Is Rwanda really bombing itself?

As the world awaits military intervention in Syria and we are treated to idle theorizing about how the Ghouta chemical massacre was a "false flag" attack by the rebels, comes a grimly amusing analogue from Central Africa. Rwanda on Aug. 29 accused government forces in the Democratic Republic of Congo of shelling its territory, killing a woman and wounding her baby. (BBC News) Open war between Rwanda and the DRC suddenly looms, and UN Secretary General Ban Ki-moon has appealed to Rwanda's President Paul Kagame for restraint. (BBC News) The shelling comes as DRC troops and the UN's new "intervention brigade," dubbed MONUSCO, have been battling the M23 rebels in Congo's east. (BBC News, Radio Australia) The DRC government has denied responsibility, and says it was actually the rebels that shelled Rwanda's territory—a claim backed up by MONUSCO. (Reuters) Now, since the M23 is said to be intimately directed by Rwanda's defense minister, Gen. James Kabarebe, who has apparently even sent military commanders to lead the rebel force, this basically means that Rwanda is bombing itself. Indeed, Congo Planet tells us the DRC is charging that Rwanda's government used the M23 rebels to shell its own territory, as a provocation to justify a direct military intervention in eastern Congo.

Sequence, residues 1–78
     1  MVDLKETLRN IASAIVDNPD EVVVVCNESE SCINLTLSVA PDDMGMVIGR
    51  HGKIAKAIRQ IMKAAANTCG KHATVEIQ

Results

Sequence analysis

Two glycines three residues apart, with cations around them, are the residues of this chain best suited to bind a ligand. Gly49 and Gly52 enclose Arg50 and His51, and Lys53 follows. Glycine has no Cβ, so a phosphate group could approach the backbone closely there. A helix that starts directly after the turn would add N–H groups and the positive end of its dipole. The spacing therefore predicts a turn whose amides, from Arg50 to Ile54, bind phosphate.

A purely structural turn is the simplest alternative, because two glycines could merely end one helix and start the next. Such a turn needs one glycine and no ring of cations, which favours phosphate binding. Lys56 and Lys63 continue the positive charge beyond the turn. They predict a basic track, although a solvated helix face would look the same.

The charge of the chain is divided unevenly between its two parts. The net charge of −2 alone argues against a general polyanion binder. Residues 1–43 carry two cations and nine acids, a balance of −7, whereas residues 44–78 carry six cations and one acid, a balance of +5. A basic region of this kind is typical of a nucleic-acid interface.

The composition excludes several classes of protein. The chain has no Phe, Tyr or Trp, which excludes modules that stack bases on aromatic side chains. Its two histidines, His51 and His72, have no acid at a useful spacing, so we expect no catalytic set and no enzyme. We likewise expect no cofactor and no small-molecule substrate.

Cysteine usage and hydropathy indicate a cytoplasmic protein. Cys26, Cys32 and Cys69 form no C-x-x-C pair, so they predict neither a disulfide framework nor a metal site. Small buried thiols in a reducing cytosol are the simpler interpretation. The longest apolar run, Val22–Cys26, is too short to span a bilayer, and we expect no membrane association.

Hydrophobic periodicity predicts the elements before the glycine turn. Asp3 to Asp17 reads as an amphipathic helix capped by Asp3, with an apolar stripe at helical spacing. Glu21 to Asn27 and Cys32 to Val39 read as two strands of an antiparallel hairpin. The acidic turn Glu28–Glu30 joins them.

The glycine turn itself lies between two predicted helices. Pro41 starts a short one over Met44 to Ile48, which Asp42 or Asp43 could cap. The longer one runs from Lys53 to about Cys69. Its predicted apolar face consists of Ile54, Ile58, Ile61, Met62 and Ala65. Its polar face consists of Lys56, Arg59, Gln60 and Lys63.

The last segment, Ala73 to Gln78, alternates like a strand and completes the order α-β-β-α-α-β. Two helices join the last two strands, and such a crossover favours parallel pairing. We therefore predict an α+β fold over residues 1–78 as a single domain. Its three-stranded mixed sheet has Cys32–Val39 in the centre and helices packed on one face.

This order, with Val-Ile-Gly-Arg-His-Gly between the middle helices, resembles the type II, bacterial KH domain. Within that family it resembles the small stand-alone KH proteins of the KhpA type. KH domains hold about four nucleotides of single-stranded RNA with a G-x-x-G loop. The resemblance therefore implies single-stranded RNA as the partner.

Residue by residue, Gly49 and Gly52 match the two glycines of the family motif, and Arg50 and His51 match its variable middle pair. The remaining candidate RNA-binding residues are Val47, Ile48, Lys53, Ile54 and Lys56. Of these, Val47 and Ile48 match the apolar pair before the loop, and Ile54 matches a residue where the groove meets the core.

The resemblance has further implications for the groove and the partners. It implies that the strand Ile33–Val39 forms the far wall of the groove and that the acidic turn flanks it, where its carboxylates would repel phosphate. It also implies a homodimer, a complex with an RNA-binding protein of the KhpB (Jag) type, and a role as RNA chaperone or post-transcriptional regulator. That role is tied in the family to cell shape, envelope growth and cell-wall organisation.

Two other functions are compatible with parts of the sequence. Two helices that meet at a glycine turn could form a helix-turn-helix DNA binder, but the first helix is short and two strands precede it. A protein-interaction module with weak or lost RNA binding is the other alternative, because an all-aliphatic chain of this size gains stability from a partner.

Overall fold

Could be, but… If "false flag" attacks were really that obvious, why would they work?

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  1. Rwanda’s ex-spy chief found dead

    The body of Rwanda's former spy chief Patrick Karegeya was found, possibly strangled, in a hotel in South Africa, police said Jan. 2. Rwandan dissidents accused President Paul Kagame of ordering his assassination. Karegeya was a former Kagame ally who turned against him. Theogene Rudasingwa of the opposition Rwandan National Congress said his death follows a pattern of assassinations ordered by Kagame. The Kagame government vehemently denies it has targeted dissidents. (CTV)